Harassment SOP in China

This should be a surprise to no one that government leaders in China have no love for free and unfettered media despite all the pronouncements from Beijing about how things are better for foreign reporters in China.
As far as it goes, that statement is true. Foreign reporters are able to travel to most areas of the country without having to obtain special permission. (Tibet and Urumqi are definitely on the “need permission to get anywhere near the place” list.) And this is a major step forward.
However, what government officials — local and national — are now finding is that people in once obscure places are using their mobile phones to complain about health and living conditions. Reporters go out to investigate those complaints.
And suddenly the local officials are knee-deep in issues from pollution to corruption — often the two go hand in hand — and incompetence.
None of these are good for Communist party leaders hoping to move up the ranks. So rather than own up to the problem and make corrections, the local party hacks harass the journalists.
A recent story in the New York Times about 1,300 children in a rural province of China suffering from massive lead poisoning. Reporters going in to follow up on the story were harassed and run out of town. The Foreign Correspondents’ Club in China web site reports the problem:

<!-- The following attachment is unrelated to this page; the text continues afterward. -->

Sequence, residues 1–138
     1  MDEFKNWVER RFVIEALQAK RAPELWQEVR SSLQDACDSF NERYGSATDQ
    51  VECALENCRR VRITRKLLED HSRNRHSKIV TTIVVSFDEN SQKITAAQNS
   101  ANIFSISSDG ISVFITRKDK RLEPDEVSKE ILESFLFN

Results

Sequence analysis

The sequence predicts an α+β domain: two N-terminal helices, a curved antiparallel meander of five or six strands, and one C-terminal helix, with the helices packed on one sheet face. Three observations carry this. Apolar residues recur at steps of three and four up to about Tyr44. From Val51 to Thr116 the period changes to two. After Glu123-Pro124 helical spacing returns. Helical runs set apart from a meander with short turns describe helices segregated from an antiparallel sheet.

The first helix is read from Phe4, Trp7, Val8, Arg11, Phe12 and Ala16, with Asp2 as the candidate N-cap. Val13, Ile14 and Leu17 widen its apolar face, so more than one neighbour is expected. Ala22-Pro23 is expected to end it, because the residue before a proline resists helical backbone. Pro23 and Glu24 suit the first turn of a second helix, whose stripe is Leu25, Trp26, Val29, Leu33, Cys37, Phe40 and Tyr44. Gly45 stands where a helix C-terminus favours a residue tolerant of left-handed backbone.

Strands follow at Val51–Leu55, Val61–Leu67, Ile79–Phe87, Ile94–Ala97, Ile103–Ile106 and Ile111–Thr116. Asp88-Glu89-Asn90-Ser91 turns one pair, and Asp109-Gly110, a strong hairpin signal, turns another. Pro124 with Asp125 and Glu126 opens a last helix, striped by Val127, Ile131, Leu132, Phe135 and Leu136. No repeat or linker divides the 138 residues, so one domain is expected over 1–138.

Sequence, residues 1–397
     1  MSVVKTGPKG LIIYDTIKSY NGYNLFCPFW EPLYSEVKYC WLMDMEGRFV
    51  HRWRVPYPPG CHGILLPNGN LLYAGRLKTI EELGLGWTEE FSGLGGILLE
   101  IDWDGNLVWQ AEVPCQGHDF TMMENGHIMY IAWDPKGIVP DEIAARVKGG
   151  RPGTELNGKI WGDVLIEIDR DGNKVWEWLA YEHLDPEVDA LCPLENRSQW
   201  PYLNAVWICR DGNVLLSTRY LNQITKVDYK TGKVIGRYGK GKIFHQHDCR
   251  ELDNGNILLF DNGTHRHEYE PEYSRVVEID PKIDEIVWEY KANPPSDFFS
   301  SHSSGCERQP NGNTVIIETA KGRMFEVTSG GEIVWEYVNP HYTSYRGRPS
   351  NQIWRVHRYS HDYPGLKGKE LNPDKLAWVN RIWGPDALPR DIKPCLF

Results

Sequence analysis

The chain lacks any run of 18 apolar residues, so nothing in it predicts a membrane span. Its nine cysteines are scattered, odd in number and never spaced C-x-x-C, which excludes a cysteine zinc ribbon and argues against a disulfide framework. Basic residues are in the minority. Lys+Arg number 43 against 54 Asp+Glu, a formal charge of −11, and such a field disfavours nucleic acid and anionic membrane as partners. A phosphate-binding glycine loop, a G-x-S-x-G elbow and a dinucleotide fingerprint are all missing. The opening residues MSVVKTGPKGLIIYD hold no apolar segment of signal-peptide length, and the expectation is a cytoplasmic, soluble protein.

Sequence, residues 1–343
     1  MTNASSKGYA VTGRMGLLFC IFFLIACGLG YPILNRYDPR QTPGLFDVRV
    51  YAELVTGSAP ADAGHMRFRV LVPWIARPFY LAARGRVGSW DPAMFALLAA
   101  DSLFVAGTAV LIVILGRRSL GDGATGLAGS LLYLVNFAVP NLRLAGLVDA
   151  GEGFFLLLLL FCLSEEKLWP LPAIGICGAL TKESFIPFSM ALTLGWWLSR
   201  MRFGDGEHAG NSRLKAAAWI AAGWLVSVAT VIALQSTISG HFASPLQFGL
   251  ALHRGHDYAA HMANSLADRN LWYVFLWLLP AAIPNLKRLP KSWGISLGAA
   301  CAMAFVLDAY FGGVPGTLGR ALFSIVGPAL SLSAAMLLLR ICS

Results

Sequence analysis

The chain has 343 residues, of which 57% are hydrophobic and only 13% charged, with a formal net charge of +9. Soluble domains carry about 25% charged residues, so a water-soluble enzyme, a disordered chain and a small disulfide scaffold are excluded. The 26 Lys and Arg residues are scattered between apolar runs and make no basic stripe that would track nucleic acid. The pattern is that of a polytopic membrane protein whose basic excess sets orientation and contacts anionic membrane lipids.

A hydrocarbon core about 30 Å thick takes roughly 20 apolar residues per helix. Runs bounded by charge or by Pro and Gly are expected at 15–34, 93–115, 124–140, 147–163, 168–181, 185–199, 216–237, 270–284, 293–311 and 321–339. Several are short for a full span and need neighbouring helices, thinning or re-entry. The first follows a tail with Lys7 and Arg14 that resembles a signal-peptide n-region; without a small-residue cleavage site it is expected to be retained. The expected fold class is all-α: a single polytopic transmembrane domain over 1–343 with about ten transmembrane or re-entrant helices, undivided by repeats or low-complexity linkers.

Posted August 21, 2009
Shaanxi: Journalists working on lead poisoning story followed, harassed

An AP photographer, reporter, and APTN camera crew were followed by local government officials in Fengxiang county, Shaanxi province, who attempted to block or disrupt interviews with parents of children hospitalized for lead poisoning on Aug. 19.

A cameraman was asked for his press card, which a policeman photographed, and the reporters were directed to a hospital administrative office where they were told a spokesman would be made available to answer their questions. When none appeared, they left and briefly gained access to a ward where children were  being treated, before being asked to leave. The officials withdrew after reporters crossed the county line.

Throughout the day, the journalists were tailed, and the officials would follow on foot, leaning in over their shoulders while they interviewed people.

The same officials visited the APTN crew at their hotel the previous night, asking them to leave, and saying that matters were being taken care of and foreign reporters had no business reporting about it.

None of this is surprising.

And China is not the only place where this happens.

The worst part about a lot of this is that this so-called “soft harassment” — let’s face it, just a few years ago the journalists would have been arrested rather than just followed — is the danger to sources of stories. The government officials know they can go after Chinese subjects more easily than the reporters. Besides the reporters will soon leave. The sources have to stay.

This issue of protection of sources in societies such as China and Iran is a growing concern and will be discussed later.


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Filed under China, Freedom of access, Harassment

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